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Clinical Investigations: THORACIC IMAGING |

Lipomatous Hypertrophy of the Interatrial Septum*: Prevalence and Features on Fusion 18F Fluorodeoxyglucose Positron Emission Tomography/CT

Landon B. Kuester; Alan J. Fischman, MD, PhD; Chieh-Min Fan, MD; Elkan F. Halpern, PhD; Suzanne L. Aquino, MD
Author and Funding Information

*From the Department of Radiology, Massachusetts General Hospital, Boston, MA.

Correspondence to: Suzanne L. Aquino, MD, Department of Radiology, Massachusetts General Hospital, 55 Fruit St, Boston, MA 02114; e-mail: saquino@partners.org



Chest. 2005;128(6):3888-3893. doi:10.1378/chest.128.6.3888
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Objective: To determine the prevalence of lipomatous hypertrophy of the interatrial septum (LHIS) on CT and its metabolic pattern on 18F fluorodeoxyglucose (FDG)-positron emission tomography (PET).

Method and materials: Eight hundred two CT PET scans were reviewed. Patients were included if the interatrial septum was ≥ 1 cm and excluded if there was evidence of malignancy in the adjacent lung, hilum, or mediastinum. CT scans were fused with PET scans, and the mean standardized uptake value (SUV) was calculated over the LHIS, chest wall (CW) fat, and mediastinal blood pool. CT scans were reviewed for presence of excessive fat in the mediastinum, pericardial, peridiaphragmatic, peritoneal, and retroperitoneal regions and for the presence of emphysema. Medical records were reviewed for body mass index (BMI) and history of arrhythmia.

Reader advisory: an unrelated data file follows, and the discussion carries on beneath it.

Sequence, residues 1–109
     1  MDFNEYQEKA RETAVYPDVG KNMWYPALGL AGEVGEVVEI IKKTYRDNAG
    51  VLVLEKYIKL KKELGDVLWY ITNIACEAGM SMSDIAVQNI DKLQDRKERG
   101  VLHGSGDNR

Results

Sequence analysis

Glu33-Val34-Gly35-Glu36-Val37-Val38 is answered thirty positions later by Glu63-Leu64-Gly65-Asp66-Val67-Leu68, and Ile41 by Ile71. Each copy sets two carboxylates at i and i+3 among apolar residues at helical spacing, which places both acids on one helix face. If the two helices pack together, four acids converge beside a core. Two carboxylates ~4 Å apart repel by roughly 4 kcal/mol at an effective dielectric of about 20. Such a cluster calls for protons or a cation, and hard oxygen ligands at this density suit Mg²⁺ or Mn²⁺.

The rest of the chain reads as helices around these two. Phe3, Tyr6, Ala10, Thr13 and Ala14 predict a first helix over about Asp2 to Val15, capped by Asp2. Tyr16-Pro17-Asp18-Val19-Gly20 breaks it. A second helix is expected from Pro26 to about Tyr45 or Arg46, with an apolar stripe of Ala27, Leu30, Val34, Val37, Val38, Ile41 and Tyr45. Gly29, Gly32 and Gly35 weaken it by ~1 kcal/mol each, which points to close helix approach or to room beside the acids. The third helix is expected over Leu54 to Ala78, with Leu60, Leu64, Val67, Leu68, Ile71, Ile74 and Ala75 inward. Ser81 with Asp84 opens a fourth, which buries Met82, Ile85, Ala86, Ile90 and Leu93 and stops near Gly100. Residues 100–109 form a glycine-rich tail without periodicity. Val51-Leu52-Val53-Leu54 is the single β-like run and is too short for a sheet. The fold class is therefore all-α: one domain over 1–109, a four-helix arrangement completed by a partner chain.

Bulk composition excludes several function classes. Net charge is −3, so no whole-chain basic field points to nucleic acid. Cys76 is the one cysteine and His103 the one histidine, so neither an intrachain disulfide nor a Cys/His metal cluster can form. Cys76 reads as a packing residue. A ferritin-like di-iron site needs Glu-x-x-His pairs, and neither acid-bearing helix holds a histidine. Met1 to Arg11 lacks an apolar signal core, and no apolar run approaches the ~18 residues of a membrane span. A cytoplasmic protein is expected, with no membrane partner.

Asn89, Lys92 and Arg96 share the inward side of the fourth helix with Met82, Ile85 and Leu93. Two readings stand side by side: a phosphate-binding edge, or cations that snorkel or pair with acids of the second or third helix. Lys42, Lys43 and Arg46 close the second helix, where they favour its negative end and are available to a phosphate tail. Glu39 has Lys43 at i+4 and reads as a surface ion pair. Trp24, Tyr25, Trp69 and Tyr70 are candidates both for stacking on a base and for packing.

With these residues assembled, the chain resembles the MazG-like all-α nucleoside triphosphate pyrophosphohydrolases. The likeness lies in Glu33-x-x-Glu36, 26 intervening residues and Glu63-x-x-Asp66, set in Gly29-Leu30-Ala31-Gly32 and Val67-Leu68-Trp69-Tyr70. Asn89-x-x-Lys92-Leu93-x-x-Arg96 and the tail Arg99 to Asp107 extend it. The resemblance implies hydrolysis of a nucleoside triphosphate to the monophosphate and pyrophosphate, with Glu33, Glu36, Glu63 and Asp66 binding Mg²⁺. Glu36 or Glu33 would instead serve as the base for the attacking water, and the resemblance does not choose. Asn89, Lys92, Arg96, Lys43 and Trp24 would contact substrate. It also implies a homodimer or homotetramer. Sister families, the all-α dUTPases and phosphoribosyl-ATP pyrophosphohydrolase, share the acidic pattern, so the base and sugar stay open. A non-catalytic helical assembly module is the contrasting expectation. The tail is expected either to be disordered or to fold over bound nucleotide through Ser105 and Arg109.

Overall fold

Results: Twenty-three of 802 patients (2.8%) had LHIS on CT (9 women and 14 men); average age was 75.6 years (range, 58 to 95 years). Average BMI of 17 patients (± SD) was 31 ± 4.9 (range, 22.1 to 39.9). Mean CT values were as follows: thickening of LHIS, 1.47 ± 0.35 cm (range, 1.07 to 2.25 cm); LHIS, − 79.6 + 24.5 Hounsfield unit (HU) [range, − 11 to – 121 HU]. LHIS was dumbbell shaped in 18 patients. Mean SUVs were as follows: LHIS, 1.84 ± 0.10 (range, 0.48 to 3.48); CW fat, 0.36 + 0.37 (range, 0.04 to 1.98); blood pool, 1.74 + 0.51 (range, 0.25 to 2.71). The SUV of LHIS was greater than the SUV of CW wall fat in all patients (p < 0.0001). There was significant correlation between SUV and thickness of the LHIS on CT (p < 0.0001, r = 0.883). Those with dumbbell-shaped LHIS (p < 0.003) and presence of emphysema (p < 0.0377) had greater LHIS mean SUV.

Conclusion: The SUV of LHIS was greater than the SUV of CW fat in all patients. LHIS with greater thickness or dumbbell shape had greater FDG uptake. These findings on CT and PET are important to recognize in order to avoid false-positive FDG-PET interpretations.

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